The EDP appears to place all burden of responsibility on the state Land Use Commission’s (Commission) approval process which has historically ignored carrying capacity issues for the Ewa Plain.  Albeit the EDP illustrates what lands are to be carved up from Agricultural to Urban, careful assessment within the EDP regarding the state and city’s budgetary allotments for meeting carrying capacity have yet to be considered more thoroughly if our standard of living is to improve. Ewa Beach residents’ top priority is to reduce traffic.  Any approval of new housing developments or changes in land zoning that would bring new housing development must first ensure that traffic will not be negatively impacted.  Proper planning and implementation of job creation, building roads or mass transit must be done prior to or during the development to ensure that current Leeward residents are not negatively impacted.  The EDP must also require the City or State to build their share of roads prior to a development as a requirement to approve a development.


 In conclusion, the EDP is a working document that needs to accept the sentiments of those currently residing within the area to be carved up for development.  Some of those sentiments a frustration with the lack of accommodations for our school, our commute times worsening, and the loss of agricultural lands.  We welcome the growth and job creation, so long as it is adequately able to be sustained.  The EDP has yet to demand in definitive terms and set specific timelines that government can keep pace with what is planned for. The private sector seems to have to shoulder the burdens of proper planning by design while government entities are allowed to sway in the wind and constantly play catch-up when it suits them.  This formula of planning needs to be corrected and redirected to hold government just as accountable if not more so than that of which is placed upon the private sector to achieve.

If we are to prosper and get job creation to be in our area instead of in town, then the roads and schools must be inserted into the map not as a symbol, but rather funded and in place ahead of time.  I welcome your continued feedback to meet these ends so that our standard of living on the Ewa Plains improves for generations to come.



Kymberly Marcos Pine

State Representative

House District 43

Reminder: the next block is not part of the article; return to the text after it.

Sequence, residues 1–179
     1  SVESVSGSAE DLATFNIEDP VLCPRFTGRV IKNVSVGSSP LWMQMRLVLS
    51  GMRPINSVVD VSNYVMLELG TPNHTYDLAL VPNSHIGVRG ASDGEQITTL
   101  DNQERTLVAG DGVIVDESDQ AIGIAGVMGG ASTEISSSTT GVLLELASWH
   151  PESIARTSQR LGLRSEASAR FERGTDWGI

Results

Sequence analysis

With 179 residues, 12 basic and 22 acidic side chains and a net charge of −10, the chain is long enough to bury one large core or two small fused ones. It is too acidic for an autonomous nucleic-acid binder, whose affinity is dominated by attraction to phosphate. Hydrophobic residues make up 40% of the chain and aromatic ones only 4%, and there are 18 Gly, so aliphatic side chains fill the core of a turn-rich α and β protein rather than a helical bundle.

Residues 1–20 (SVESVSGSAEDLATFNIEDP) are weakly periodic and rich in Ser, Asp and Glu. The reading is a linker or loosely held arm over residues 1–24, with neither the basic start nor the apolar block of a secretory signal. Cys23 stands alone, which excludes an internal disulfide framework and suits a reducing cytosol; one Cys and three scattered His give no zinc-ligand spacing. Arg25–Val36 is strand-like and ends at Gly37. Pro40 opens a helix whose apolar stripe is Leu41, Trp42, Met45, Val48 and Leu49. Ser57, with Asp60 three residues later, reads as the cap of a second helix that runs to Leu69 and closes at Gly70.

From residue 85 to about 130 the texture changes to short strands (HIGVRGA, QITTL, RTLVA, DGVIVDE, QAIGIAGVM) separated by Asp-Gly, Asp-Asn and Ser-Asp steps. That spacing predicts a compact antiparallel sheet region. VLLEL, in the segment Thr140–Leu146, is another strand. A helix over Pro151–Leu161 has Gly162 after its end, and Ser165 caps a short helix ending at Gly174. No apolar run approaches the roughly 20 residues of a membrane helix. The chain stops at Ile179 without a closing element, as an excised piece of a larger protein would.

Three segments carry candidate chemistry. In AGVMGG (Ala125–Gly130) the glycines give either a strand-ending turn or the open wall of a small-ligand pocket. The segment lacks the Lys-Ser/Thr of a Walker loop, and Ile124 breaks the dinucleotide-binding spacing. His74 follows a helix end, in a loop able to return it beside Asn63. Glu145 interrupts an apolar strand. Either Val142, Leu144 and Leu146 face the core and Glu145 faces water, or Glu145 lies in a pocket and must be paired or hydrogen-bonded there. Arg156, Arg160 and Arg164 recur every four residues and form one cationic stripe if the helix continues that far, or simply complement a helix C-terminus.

Christmas Tree Salutes Hawaii Statehood

christmas-tree-09-webRepresentative Gene Ward stands in front the 2008 House of Representatives Christmas tree.  The House Clerk’s office team, this year, choice Statehood for the theme.  Hand made ornaments depict the headlines from the newspaper’s headlines on Hawaii’s statehood.


The House of Representatives’ Christmas tree salutes “the 50 Voices of Statehood vignettes”, which are being recorded by the award-winning Searider Productions team of Wai‘anae High School.  The vignettes feature personal perspectives on statehood and Hawai‘i’s history from 50 residents representing the state’s diverse ethnic, cultural, religious, political, social and economic backgrounds. Each week over the next year, a different vignette will air on six television stations and 60 radio stations statewide.  An interactive online forum can be viewed from a computer at www.seariderproductions.com/50voices.  The site will allow teachers and students to incorporate the vignettes into their classroom discussions.


Previous 50 Voices of Statehood vignettes have featured former State Representative Stuart Ho, former state protocol officer Francis Lum, former First Lady Nancy Quinn, and former U.S. Congresswoman Patricia Saiki.


The 50th Anniversary of Statehood Commission has planned a comprehensive year-long series of events and activities, with a special focus on education, to honor the 50th anniversary of Hawai‘i’s admission to the Union.  The 50 Voices of Statehood series, as well as information on the Commission, its members and the commemorative plans may be found at www.hawaii.gov/statehood.


 Mele Kalikimaka and Hau’oli Makahiki Hou from Representative Gene Ward.